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Businesses

When Smart People Make Bad Employees 491

Posted by samzenpus
from the boss's-favorite dept.
theodp writes "Writing for Forbes, CS-grad-turned-big-time-VC Ben Horowitz gives three examples of how the smartest people in a company can also be the worst employees: 1. The Heretic, who convincingly builds a case that the company is hopeless and run by a bunch of morons; 2. The Flake, who is brilliant but totally unreliable; 3. The Jerk, who is so belligerent in his communication style that people just stop talking when he is in the room. So, can an employee who fits one of these poisonous descriptions, but nonetheless can make a massive positive contribution to a company, ever be tolerated? Quoting John Madden's take on Terrell Owens, Horowitz gives a cautious yes: 'If you hold the bus for everyone on the team, then you'll be so late that you'll miss the game, so you can't do that. The bus must leave on time. However, sometimes you'll have a player that's so good that you hold the bus for him, but only him.' Ever work with a person who's so good that he/she gets his/her own set of rules? Ever been that person yourself?"
Toys

Man Repairs Crumbling Walls With Legos 106

Posted by samzenpus
from the one-block-at-a-time dept.
Lanxon writes "German-born artist Jan Vormann, 27, has spent the past three years traveling the world repairing crumbling walls and monuments with Lego, reports Wired. His "Dispatchwork" began in 2007 in the small village of Bocchignano, Italy, as part of the contemporary art festival 20 Eventi. Developing the work in situ, he became intrigued by the makeshift repairs that had been made to the crumbling walls. The approach favored function over appearance, reminding Vormann of the haphazard Lego designs created by children."
Image

US Grants Home Schooling German Family Political Asylum 1324

Posted by samzenpus
from the come-get-you-some-learnin dept.
A US judge has granted political asylum to a family who said they fled Germany to avoid persecution for home schooling their children. Uwe Romeike and his wife, Hannelore, moved to Tennessee after German authorities fined them for keeping their children out of school and sent police to escort them to classes. Mike Connelly, attorney for the Home School Legal Defence Association, argued the case. He says, "Home schoolers in Germany are a particular social group, which is one of the protected grounds under the asylum law. This judge looked at the evidence, he heard their testimony, and he felt that the way Germany is treating home schoolers is wrong. The rights being violated here are basic human rights."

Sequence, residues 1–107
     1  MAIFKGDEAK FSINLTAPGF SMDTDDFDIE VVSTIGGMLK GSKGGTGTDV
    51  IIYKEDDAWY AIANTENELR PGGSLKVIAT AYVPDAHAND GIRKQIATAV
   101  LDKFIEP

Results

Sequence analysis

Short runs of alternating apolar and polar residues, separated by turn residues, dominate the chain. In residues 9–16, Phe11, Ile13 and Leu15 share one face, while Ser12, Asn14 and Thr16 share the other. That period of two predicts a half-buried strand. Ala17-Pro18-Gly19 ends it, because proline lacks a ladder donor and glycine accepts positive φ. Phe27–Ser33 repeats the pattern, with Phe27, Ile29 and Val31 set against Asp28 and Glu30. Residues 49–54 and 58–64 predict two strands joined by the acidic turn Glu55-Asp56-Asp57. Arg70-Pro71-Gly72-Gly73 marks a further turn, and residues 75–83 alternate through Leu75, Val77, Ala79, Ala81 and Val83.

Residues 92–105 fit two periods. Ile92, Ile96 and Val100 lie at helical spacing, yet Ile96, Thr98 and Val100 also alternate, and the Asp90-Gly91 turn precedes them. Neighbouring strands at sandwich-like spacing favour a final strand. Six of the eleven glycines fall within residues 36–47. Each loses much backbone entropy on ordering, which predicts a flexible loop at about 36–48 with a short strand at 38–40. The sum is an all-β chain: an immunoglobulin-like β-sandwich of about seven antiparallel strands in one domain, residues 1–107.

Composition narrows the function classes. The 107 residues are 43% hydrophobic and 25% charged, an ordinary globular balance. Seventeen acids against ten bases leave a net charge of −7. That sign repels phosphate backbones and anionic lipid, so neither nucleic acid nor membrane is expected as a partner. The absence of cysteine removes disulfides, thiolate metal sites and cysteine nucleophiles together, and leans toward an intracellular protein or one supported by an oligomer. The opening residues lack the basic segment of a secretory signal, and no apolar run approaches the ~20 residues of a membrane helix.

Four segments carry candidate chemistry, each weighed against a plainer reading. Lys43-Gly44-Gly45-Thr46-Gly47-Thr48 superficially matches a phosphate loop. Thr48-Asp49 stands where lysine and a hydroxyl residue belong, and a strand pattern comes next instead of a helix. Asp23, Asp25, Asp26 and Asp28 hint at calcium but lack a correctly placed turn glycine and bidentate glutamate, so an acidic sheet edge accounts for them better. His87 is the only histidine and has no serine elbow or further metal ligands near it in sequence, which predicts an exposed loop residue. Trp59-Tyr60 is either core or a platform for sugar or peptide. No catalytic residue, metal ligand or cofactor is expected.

Software

Drupal's Dries Buytaert On Drupal 7 55

Posted by Soulskill
from the on-the-horizon dept.
itwbennett writes "The Drupal community has been working on Drupal 7 for two years, and there are 'hundreds of changes' to show for it, says Drupal creator Dries Buytaert in an interview with ITworld's Esther Schindler on the occasion of Drupal 7 going into Alpha test this week. Most notable for end users are 'some massive usability improvements,' says Buytaert, while site builders will see the greatest changes in the Drupal Content Construction Kit (CCK), which has been moved into the Drupal core. But one thing that hasn't changed is the not-so-easy upgrade path. 'The upgrade path for a Drupal site has never been really easy, to be honest,' Buytaert says. 'We do break backwards compatibility. It's a little bit painful because it requires all of the contributed modules — and there's 4,000-5,000 of them — to make changes.' But Buytaert doesn't think that's all bad. 'Innovation is key. Backwards compatibility limits innovation,' Buytaert contends. 'The rule we have is: We'll break the API if it makes a better API, and if it allows good innovation and progress to be made. Also: The second rule is that we'll never break people's data. We'll always provide an upgrade path for the data.'"
Image

Own Your Own Fighter Jet 222

Posted by samzenpus
from the only-one-on-the-block dept.
gimmebeer writes "The Russian Sukhoi SU-27 has a top speed of Mach 1.8 (more than 1,300 mph) and has a thrust to weight ratio greater than 1 to 1. That means it can accelerate while climbing straight up. It was designed to fight against the best the US had to offer, and now it can be yours for the price of a mediocre used business jet."
Science

Antarctic's First Plane, Found In Ice 110

Posted by timothy
from the ice-tractor-cometh dept.
Arvisp writes "In 1912 Australian explorer Douglas Mawson planned to fly over the southern pole. His lost plane has now been found. The plane – the first off the Vickers production line in Britain – was built in 1911, only eight years after the Wright brothers executed the first powered flight. For the past three years, a team of Australian explorers has been engaged in a fruitless search for the aircraft, last seen in 1975. Then on Friday, a carpenter with the team, Mark Farrell, struck gold: wandering along the icy shore near the team's camp, he noticed large fragments of metal sitting among the rocks, just a few inches beneath the water."

Life would be so much easier if we could just look at the source code. -- Dave Olson

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